All of his friends were moving on with their lives and heading off to college, but Sebastián Flores Cerritos felt stuck. Sebastián felt he couldn’t embark on his own journey until he could live a life true to himself. In 2010, he summoned the courage to tell his parents that he felt deeply uncomfortable in the female body he was born into and didn’t identify as a woman. “I didn’t feel it represented who I was on the inside,” he said.
At first, it wasn’t easy. His parents didn’t take him seriously. “I felt trapped,” he said. Sebastián slipped into depression and began contemplating suicide. “I wanted to end my life.”
In search of an escape, Sebastián ran away from home. He fled to La Unión in eastern El Salvador where he didn’t know anyone and where no one could find him, hoping something bad would happen to him.
But in his hopelessness, he reflected on the fact that, while he didn’t have the initial support of his parents, they never kicked him out of the house. He always had a roof over his head and food to eat, and they continued to support him financially. Five days later, Sebastián returned home.
“I needed to live a life that made me happy. And that’s when things started to change,” he said. Sebastián’s parents recognized that they couldn’t force him to be someone he wasn’t.
Sebastián eventually enrolled in university to pursue his passion for multimedia work. Fearing rejection and harassment, Sebastián initially concealed his identity at school. But after two years, he felt he could no longer live two lives and decided to reveal his true identity to his classmates and teachers. To his disbelief, he found acceptance. “They call me by my [chosen] name and have respected my identity,” he said.
With newfound confidence, Sebastián decided he wanted to undergo hormone therapy to start his transition. But it came with a hefty price tag—one that he and his family couldn’t afford. In addition, there was a dearth of safe services in El Salvador. During this period, Sebastián also got involved in a trans-men’s collective, where he met others who accessed hormone therapy through a private endocrinologist in neighboring Guatemala.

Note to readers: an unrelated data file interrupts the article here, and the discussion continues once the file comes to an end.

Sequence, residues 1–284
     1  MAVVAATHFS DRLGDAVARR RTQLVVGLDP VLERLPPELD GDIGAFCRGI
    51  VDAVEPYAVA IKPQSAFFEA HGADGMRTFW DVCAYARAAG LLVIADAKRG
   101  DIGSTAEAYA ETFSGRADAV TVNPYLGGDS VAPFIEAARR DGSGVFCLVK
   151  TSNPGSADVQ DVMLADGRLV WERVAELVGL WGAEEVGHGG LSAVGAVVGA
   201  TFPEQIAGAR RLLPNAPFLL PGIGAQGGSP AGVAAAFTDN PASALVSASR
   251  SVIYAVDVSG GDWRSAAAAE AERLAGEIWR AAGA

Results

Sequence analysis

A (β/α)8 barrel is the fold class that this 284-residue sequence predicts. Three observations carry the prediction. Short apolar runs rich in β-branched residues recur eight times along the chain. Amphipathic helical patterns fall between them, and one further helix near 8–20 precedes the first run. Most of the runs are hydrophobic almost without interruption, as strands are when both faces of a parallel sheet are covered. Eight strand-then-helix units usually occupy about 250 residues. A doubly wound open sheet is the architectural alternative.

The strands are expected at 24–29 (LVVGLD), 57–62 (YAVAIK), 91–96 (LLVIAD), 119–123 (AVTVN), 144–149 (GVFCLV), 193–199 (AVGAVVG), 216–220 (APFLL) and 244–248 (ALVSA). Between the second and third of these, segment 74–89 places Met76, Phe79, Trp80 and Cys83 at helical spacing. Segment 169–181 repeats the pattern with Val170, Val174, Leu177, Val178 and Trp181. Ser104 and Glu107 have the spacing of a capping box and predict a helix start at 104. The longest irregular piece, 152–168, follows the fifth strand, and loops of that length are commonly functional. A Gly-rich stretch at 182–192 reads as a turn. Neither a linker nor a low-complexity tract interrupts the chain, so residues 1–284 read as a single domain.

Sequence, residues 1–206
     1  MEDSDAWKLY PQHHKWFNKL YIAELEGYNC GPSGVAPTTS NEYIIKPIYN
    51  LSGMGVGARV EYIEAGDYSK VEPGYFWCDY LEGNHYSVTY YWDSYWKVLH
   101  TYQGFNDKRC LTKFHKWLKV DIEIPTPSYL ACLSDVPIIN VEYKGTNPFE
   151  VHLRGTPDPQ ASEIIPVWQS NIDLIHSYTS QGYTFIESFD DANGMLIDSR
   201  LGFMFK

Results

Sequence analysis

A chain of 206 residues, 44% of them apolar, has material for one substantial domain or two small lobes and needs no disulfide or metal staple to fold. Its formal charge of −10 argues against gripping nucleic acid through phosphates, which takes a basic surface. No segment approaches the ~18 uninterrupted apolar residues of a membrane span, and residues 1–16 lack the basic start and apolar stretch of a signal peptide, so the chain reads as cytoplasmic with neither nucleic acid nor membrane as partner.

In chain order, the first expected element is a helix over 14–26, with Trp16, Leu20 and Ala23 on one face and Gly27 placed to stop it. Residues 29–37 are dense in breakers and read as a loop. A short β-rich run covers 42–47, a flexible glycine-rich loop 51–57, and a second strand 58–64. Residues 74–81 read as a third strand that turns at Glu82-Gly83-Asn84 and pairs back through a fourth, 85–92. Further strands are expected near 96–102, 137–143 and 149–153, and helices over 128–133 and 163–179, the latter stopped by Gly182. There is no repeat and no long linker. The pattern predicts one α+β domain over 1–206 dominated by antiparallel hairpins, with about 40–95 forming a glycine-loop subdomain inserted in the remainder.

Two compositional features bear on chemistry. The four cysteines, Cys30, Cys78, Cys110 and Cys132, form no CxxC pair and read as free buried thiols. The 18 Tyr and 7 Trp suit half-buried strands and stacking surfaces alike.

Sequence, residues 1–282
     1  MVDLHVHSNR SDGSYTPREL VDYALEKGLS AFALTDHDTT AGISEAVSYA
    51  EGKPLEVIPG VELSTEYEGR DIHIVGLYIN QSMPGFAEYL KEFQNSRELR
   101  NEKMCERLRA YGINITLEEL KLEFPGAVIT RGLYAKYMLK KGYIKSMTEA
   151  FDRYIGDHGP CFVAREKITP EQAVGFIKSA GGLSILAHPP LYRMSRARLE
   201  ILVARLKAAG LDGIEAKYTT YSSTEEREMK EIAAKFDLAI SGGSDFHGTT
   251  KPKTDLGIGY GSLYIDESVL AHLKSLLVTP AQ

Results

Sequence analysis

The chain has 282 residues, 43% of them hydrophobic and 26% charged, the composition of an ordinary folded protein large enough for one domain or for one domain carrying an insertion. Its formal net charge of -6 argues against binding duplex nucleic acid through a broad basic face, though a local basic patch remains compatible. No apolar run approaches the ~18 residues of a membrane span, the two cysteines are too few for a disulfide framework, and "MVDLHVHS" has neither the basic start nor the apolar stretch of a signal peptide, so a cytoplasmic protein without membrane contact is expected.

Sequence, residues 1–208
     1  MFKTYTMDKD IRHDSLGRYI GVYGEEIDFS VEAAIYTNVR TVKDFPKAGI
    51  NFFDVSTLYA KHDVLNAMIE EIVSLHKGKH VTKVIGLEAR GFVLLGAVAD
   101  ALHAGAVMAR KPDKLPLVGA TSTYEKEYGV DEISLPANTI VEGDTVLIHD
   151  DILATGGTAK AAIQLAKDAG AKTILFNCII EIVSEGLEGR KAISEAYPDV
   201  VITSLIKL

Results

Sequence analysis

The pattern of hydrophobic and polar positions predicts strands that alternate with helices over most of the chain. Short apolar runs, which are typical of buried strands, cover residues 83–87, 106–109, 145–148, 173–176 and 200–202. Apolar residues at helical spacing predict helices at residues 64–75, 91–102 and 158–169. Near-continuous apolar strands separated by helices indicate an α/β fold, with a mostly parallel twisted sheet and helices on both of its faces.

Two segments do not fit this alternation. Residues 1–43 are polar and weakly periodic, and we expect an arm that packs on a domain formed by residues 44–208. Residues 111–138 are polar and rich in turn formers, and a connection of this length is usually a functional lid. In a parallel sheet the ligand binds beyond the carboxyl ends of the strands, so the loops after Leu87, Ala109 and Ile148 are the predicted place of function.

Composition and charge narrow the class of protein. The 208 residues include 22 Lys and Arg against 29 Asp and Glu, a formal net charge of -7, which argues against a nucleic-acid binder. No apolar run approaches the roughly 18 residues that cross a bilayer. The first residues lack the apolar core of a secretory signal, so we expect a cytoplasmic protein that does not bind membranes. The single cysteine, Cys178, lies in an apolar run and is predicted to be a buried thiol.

Over the course of working various odd jobs the following year, Sebastián finally saved enough money to start his treatment. For three months, he traveled back and forth between Guatemala and El Salvador. “It wasn’t easy,” he recalled. His ended his erratic treatment when he found ASTRANS, the only organization in Central America that provides safe hormone therapy treatment, sometimes free of charge to those who otherwise could not afford it.
ASTRANS provided Sebastián with the regular care he needed and financial support. “For the first time in my life, I felt happy,” he said.
A champion for others
In September 2016, Sebastián joined ASTRANS as a volunteer communications officer. He also advocates for the rights of the transgender community including pushing for laws that protect LGBTI people and respect gender identity. He says his activism has motivated him to “continue to fight for something bigger.”
He remains optimistic that an emerging generation of transgender people in El Salvador will be able to access gender-affirming health care and the psychosocial support they need more easily thanks to ASTRANS.
Sumit Galhotra is the Communications Officer for Human Rights and Story Development at AJWS.